According to our tipster, Jarrett was seated at the head table along with several other big-name politicians and a handful of high-ranking military officials. As an officer sporting several stars walked past Jarrett, she signaled for his attention and said, “I’d like another glass of wine.”

Garçon!

White House economic adviser Austan Goolsbee, who was seated next to Jarret, began “cracking up nervously,” our tipster said, but no one pointed out to Jarrett that the man sporting a chestful of medals was not her waiter.

“The guy dutifully went up and got her a glass of wine, and then came back and gave it to her and took a seat at the table,” our tipster said. “Everyone is in tuxedos and gowns at this thing, but the military people are in full dress uniform.”

“There was no shortage of waiters either,” the tipster added.

It’s great to know that the world’s knowledgeable intellectuals are firmly in control of Washington, D.C.’s levers of power.

Hat tip:  American Thinker, which got it from Instapundit

“You had me at ‘gutless'”

I didn’t even have to read Dick Morris’ article to know that I liked it. Here’s the tag for the article at Front Page Magazine: “Only gutless Republicans could turn the U.S. Attorney firings into a budding constitutional crisis.” Well, yeah. The Democrats scream bloody murder over the political equivalent of a hangnail, while the White House politely allows itself to be disemboweled. I’m all for good matters, restraint, and a functional and friendly atmosphere in D.C., but this rollover on the faked attorney scandal leaves me almost breathless. You can’t win in politics if you’ve got nothing even resembling backbone, and are missing some significant guts to boot.*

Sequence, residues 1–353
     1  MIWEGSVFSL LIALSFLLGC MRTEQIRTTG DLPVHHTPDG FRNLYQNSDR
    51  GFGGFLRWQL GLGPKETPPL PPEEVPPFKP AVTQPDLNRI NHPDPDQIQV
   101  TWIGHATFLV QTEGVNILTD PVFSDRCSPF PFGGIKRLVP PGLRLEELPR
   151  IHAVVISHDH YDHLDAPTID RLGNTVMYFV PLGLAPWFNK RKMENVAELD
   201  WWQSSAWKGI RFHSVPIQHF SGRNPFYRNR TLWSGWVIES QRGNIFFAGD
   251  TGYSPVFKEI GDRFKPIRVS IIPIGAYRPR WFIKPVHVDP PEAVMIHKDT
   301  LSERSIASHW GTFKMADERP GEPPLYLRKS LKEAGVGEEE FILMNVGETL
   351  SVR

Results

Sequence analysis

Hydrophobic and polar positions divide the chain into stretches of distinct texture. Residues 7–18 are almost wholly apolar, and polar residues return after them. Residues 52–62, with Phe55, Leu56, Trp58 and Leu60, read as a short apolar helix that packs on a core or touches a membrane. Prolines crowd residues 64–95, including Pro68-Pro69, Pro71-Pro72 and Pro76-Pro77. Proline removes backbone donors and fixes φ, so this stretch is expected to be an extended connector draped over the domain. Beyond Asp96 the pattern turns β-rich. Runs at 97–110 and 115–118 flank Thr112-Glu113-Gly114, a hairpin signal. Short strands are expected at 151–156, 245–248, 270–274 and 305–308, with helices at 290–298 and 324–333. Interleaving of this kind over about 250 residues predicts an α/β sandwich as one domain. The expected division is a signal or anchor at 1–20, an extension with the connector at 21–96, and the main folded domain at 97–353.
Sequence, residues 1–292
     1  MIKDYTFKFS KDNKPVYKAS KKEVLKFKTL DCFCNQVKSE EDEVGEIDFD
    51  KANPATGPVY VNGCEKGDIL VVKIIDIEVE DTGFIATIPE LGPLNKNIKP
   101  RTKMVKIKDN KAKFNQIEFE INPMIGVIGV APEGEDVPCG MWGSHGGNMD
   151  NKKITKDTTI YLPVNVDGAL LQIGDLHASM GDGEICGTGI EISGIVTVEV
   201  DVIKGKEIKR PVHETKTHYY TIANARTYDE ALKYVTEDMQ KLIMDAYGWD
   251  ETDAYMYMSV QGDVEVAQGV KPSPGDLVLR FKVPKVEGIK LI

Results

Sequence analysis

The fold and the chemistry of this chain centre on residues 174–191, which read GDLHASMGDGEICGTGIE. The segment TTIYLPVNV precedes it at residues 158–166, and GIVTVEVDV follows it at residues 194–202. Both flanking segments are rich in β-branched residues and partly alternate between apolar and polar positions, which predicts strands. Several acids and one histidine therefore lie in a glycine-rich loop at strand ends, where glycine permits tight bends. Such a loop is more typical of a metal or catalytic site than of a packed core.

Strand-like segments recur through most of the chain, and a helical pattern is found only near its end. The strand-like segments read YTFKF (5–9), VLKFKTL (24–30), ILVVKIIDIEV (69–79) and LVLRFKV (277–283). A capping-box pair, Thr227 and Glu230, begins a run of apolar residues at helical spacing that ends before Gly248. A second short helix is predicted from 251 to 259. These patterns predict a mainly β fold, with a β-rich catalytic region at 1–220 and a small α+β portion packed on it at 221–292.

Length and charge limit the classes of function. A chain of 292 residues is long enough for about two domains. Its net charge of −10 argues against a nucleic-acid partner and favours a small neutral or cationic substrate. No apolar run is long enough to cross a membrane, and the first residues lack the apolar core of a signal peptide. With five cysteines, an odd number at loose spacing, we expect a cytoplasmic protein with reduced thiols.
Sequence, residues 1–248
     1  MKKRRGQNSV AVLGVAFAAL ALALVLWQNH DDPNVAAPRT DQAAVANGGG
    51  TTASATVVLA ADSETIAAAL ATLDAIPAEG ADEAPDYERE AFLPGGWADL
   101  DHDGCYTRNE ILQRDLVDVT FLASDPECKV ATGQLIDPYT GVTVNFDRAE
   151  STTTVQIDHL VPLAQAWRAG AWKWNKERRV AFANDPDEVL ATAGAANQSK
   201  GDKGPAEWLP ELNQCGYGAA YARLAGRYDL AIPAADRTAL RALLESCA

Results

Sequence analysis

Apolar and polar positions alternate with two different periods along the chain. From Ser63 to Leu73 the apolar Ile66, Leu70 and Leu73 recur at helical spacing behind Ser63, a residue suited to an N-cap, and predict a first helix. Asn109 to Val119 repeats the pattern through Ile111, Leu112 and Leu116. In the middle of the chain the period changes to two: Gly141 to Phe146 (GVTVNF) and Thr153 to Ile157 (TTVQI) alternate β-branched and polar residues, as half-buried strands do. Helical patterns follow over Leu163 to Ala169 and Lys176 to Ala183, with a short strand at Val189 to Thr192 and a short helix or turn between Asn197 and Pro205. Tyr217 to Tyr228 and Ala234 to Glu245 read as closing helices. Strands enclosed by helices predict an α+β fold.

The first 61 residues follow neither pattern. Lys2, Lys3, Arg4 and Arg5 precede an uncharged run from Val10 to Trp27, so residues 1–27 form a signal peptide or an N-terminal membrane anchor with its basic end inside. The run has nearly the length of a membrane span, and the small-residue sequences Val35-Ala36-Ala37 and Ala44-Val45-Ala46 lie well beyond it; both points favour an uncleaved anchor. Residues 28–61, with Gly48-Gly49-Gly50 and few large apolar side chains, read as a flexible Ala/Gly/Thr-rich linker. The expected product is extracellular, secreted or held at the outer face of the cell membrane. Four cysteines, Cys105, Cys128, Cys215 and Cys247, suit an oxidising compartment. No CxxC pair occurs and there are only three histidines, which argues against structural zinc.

Morris’ article, by the way, lives up to its promise. I’m quoting at length here, because I really didn’t have the heart to leave any of this off my blog. However, there’s much more to the original article, and you’d probably enjoy reading the whole thing:

When will the Bush administration grow some guts? Except for its resolute — read: stubborn — position on Iraq, the White House seems incapable of standing up for itself and battling for its point of view. The Democratic assault on the administration over the dismissal of United States attorneys is the most fabricated and phony of scandals, but the Bush people offer only craven apologies, half-hearted defenses, and concessions. Instead, they should stand up to the Democrats and defend the conduct of their own Justice Department.